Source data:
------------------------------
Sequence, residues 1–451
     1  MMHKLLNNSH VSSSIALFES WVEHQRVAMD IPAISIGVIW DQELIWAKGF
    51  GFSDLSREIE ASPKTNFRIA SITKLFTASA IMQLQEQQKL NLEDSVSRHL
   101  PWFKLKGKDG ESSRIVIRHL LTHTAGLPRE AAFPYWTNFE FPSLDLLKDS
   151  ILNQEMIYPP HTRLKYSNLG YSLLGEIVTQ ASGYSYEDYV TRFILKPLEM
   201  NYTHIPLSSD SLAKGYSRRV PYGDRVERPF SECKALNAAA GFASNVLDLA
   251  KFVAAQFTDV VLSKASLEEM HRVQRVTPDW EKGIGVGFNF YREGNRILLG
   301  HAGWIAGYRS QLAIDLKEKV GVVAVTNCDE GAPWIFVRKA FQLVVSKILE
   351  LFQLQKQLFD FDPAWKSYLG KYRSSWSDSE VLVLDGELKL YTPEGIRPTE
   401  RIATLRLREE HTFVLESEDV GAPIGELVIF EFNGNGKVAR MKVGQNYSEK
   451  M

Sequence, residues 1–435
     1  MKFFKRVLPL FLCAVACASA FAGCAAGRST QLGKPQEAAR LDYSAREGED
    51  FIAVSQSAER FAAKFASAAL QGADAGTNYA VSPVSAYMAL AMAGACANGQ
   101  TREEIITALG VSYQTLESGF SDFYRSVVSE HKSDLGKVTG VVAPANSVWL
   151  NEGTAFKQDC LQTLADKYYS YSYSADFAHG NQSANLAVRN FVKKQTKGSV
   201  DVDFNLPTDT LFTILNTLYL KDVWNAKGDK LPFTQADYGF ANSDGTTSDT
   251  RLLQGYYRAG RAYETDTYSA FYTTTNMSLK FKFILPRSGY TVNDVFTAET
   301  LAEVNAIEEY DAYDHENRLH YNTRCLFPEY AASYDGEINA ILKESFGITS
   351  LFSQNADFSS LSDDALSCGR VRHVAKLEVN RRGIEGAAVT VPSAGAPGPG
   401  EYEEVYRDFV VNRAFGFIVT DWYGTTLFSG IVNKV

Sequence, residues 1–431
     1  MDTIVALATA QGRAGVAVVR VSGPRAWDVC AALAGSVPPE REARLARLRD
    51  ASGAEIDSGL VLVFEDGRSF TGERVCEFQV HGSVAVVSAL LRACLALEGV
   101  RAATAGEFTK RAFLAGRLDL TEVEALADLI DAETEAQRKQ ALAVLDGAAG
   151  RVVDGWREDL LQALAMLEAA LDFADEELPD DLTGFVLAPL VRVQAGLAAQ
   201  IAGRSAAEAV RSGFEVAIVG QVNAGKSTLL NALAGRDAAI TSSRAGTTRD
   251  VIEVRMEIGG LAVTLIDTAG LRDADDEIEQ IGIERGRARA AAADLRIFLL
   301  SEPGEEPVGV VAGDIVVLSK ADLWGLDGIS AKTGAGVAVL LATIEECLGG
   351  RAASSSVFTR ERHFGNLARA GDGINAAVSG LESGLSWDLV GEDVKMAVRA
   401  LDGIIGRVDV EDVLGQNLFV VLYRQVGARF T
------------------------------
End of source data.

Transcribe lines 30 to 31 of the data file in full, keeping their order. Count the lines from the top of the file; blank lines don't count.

   351  RAASSSVFTR ERHFGNLARA GDGINAAVSG LESGLSWDLV GEDVKMAVRA
   401  LDGIIGRVDV EDVLGQNLFV VLYRQVGARF T